Proposed Code of Conduct for court system employees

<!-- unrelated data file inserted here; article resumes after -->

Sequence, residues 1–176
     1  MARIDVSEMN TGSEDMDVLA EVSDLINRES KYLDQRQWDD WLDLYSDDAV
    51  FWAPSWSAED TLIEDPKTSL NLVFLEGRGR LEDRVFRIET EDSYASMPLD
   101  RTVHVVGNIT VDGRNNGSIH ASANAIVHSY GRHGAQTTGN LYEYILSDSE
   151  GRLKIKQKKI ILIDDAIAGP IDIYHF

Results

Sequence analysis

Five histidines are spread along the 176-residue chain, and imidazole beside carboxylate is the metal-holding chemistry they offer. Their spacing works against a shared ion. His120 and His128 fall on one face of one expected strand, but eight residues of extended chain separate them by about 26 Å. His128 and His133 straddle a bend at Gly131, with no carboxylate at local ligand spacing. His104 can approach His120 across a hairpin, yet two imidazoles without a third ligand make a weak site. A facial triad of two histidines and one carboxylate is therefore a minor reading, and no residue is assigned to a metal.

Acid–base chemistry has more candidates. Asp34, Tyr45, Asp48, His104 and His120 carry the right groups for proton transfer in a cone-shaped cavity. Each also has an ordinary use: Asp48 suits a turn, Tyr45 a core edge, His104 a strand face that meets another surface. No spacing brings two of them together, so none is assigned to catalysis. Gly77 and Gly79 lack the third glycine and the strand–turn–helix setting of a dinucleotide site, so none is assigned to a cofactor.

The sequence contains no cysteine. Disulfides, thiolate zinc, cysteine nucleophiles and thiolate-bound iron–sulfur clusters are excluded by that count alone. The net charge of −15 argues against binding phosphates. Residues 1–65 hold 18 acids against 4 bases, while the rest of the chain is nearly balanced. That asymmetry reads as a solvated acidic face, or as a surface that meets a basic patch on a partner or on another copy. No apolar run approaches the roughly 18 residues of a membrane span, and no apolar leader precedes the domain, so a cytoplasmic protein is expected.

first_img July 1, 2002 Regular News Proposed Code of Conduct for court system employees Proposed Code of Conduct for court system employeescenter_img Here are the highlights of the proposed Code of Conduct for Court Employees:• Canon 1: A court employee shall uphold the integrity and independence of the judiciary and the court employees’s office. “An independent and honorable judiciary is indispensable to justice in our society. Court employees shall personally observe high standards of conduct so that the integrity and independence of the judiciary are preserved. Court employees shall maintain and observe the highest standards of integrity, honesty, and truthfulness in their professional and personal dealings.”• Canon 2. Court employees shall avoid impropriety and the appearance of impropriety in all their activities. Examples of improper conduct include: trying to get a traffic ticket or parking violation fixed; using official letterhead for private business correspondence; carrying a business card reflecting an official relationship with the courts unless authorized by the appropriate authority; discussing the merits of cases pending before the court with litigants, counsel or other persons who do business with the court in a manner that gives the appearance of preferential treatment.Court employees may not knowingly make false entries on time cards or personnel records; backdate a court document; falsely claim reimbursement for mileage or expenses; misuse the telephone, fax machine, or copying machine; or take supplies home for private use.“Such conduct may be punishable as theft under the criminal statutes,” the proposed code says.• Canon 3: A court employee shall adhere to appropriate standards in performing the duties of the office. Besides carrying out duties in a “courteous and professional manner,” this canon also details that a court employee “shall not publicly comment on the merits of any pending action and should require similar restraint by the court employee’s subordinates. This proscription does not extend to public statements made in the course of official duties or when explaining court procedures.”Additionally, “no court employee shall alter, falsify, destroy, mutilate, backdate or fail to make required entries on any records within the employee’s control.”And court employees shall not “discriminate against or engage in bias or prejudice against another person based upon race, physical or mental disability, ethnicity, religion, national origin, gender, age, socioeconomic status, sexual orientation, or political affiliation in the conduct of service to the court.”This canon also stresses that “no court employee shall provide legal advice or recommend the names of private attorneys, when acting in the capacity of a court employee.” • Canon 4: No court employee shall disclose confidential information acquired in the course of employment. This canon also requires that if a court employee has knowledge that another court employee has violated this rule to “take appropriate action. No employee shall be disciplined for disclosing such a violation to an appropriate authority.”It asks court administrators to educate court employees about what information is confidential.Court employees are also prohibited from engaging in ex parte communication “from litigants, witnesses or attorneys to judges, jury members or any other person in the decision-making process, except as provided by law or at the direction of the court.” • Canon 5: Every court employee shall avoid conflicts of interest in the performance of professional duties. This canon expects court employees to “regulate outside activities to minimize the risk of conflict with court-related duties. Generally, a conflict of interest exists when the court employee’s objective ability or independence of judgment in the performance of his or her job is impaired or may reasonably appear to be impaired.”In an anti-nepotism section of the canon, no employee may be supervised by a member of the employee’s immediate family, “nor shall there be any assignments as supervisor and subordinate between employees engaged in a dating relationship.”The committee recognized that this restriction may result in a qualified candidate being summarily rejected for a position or represent a hardship to smaller counties.“However, when balanced by the need for actions free of the taint of nepotism both in appearance and fact, this restriction is necessary.”Court employees who have the authority to enter into or approve contracts over $1,500 in the name of the court system must file financial disclosure statements with the chief judge (consistent with that which is required for disclosure under F.S. 112.3145). • Canon 6: A court employee’s professional position shall not be used for private gain. This section deals with the prohibition against soliciting or accepting freebies, whether they are “gifts, loans, gratuities, discounts, hospitality, services or favors directly or indirectly from attorneys, litigants or other persons known to do business with the court.”Additionally, “receiving fees, money or other compensation not provided for by law in return for public services is prohibited and may be punishable under the criminal code.”When is a gift OK?When it’s the holiday season, the giver is an attorney, and the food and refreshments are “of insignificant value.”Gifts may also be exchanged between court employees and judges during the holidays, birthday, or weddings.“The standard to keep in mind is that court employees should always conduct themselves in a manner that inspires public confidence in their role as court employees. After all, when serving the public interest, court employees must be free from the influence of improper outside interests. Also, gifts that cannot properly be accepted may be returned at government expense.”When it comes to outside employment, it is only permitted when the job does not involve “an entity that regularly appears in court or conducts business with the court system and it does not require the court employee to have frequent contact with attorneys who regularly appear in the court system.”If the court employee is also an attorney, he or she may provide “occasional uncompensated legal advice or document drafting for relatives or friends; or as part of pro bono services as recognized by The Florida Bar. However, the attorney may undertake litigation only if it is of a personal or family nature and so long as the litigation does not conflict with” other provisions of the canon.Judge Silverman acknowledged this prohibition may likely require a change in the Rules of Judicial Administration. • Canon 7: A court employee should refrain from inappropriate political activity. Keep the bumper stickers for candidates off your office door, and don’t use the office phone for drumming up support for your favorite judge running for re-election.This canon makes it clear that court employees should separate their political activities from employment duties.No political activity may be carried out during work hours or using government vehicles, equipment or on court property, and this includes telephones, fax machines, computers, network connectivity, copies and stamps.This also means court employees cannot display campaign literature, badges, stickers or endorsement signs on behalf of any party, committee, agency or candidate for political office.Nor may court employees solicit signatures for political candidacy or solicit campaign contributions on the job.Court employees may voluntarily participate in a judge’s or clerk’s campaign activities, including contributing money, but only through a judge’s or clerk’s fund-raising committee. Judges, elected clerks, and court administrators or supervisors may not require subordinate court employees to participate in political activities.“In general, court employees may participate in any political activities that do not give the impression that the judiciary itself endorses political candidates or supports political causes.”last_img